The HALO aircraft campaign SouthTRAC with GLORIA on board has been conducted in two phases in September and November 2019, covering the late winter and spring season of the Southern Hemisphere (SH). HALO, which was stationed in Rio Grande/Tierra del Fuego returned to Germany between both phases. Major research themes are: coupling processes at the SH tropopause, gravity waves in the SH, impact of the Antarctic vortex on the SH-UTLS, and biomass burning and transport of biogenic emissions in the southern Atlantic upper troposphere.

Videos - SouthTRAC

For the SouthTRAC airplane measurement campaign, a KIT team and other partners took off for Tierra del Fuego at the end of 2019 and focused on the so far little explored southern atmosphere. The aim: to investigate its effects on climate change. Dr. Björn-Martin Sinnhuber from the Institute of Meteorology and Climate Research - Atmospheric Trace Gases and Remote Sensing (IMK-ASF) coordinated the second part of the campaign. Here, the scientific focus was on gravity waves at the southern tip of America and over Antarctica. They influence the stability of the stratospheric polar vortex surrounding the ozone hole and play a decisive role in the chemical processes leading to the formation of the Antarctic ozone hole. It was precisely these processes that the Karlsruhe climate researchers investigated in the second campaign phase, which started in November: "We are particularly interested in the air masses that sink from the Antarctic ozone hole, transport climate-relevant trace gases and thus influence the composition of the upper layers of the atmosphere," says Sinnhuber.


The research aircraft HALO (High Altitude and Long Range Research Aircraft), which was in operation during the campaign, can fly up to 15 kilometres high and load various measuring instruments, depending on the research requirements. For SouthTRAC the KIT operated three of the 13 instruments on board. Scientists from KIT, the German Aerospace Center (DLR), the Research Center Jülich (FZJ), and the Universities of Frankfurt, Mainz, Wuppertal, and Heidelberg were involved.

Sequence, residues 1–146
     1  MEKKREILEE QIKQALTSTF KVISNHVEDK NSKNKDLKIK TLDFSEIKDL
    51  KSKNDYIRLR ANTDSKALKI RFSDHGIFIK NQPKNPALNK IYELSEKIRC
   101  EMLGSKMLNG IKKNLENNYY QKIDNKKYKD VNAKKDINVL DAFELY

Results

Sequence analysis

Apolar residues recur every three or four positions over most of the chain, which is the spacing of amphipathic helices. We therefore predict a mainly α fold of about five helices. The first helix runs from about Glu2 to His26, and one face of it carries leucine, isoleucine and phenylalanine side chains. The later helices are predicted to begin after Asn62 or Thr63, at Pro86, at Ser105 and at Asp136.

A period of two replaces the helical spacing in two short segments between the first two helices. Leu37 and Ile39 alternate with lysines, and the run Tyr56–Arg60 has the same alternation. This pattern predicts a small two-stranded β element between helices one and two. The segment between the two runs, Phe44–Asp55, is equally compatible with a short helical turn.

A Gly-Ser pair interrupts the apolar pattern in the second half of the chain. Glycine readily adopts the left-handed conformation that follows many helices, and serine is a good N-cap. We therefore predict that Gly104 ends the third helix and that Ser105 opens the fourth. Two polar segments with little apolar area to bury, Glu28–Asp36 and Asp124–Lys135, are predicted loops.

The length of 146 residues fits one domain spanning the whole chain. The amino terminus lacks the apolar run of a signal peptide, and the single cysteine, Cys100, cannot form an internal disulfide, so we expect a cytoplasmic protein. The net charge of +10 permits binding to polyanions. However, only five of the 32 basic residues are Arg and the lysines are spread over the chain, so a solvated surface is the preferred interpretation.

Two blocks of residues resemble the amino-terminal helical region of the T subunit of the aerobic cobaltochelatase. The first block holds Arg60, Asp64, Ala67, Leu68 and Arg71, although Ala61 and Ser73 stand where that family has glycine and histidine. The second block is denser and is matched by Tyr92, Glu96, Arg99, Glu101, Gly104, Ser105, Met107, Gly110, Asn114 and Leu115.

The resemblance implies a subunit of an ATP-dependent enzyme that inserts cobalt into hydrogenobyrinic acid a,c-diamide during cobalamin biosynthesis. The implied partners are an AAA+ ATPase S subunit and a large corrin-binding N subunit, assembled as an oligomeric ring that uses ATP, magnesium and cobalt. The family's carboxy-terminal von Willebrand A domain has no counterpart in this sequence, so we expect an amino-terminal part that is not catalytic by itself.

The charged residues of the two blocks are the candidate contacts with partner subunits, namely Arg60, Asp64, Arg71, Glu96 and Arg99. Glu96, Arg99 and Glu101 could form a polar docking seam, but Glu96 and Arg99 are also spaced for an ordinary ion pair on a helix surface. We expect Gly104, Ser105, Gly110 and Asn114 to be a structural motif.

The aircraft measurement campaign SouthTRAC led a KIT team with further partners to Argentina at the end of 2019 to investigate the so far little explored southern atmosphere and its effects on climate change. In this video they tell what a day on such a measurement campaign looks like and what exactly the scientists are doing.

GLORIA is the abbreviation for "Gimballed Limb Observer for Radiance Imaging of the Atmosphere". Behind the complicated name is an infrared camera. It breaks down the heat radiation emitted by the atmospheric gases into its spectral colours. This enables these gases and their large-scale movements to be imaged very accurately. GLORIA was jointly developed at Forschungszentrum Jülich and the Karlsruhe Institute of Technology and was used in the SouthTRAC aircraft measurement campaign, among other things. Here the team that worked with GLORIA in this campaign in Argentina is introduced.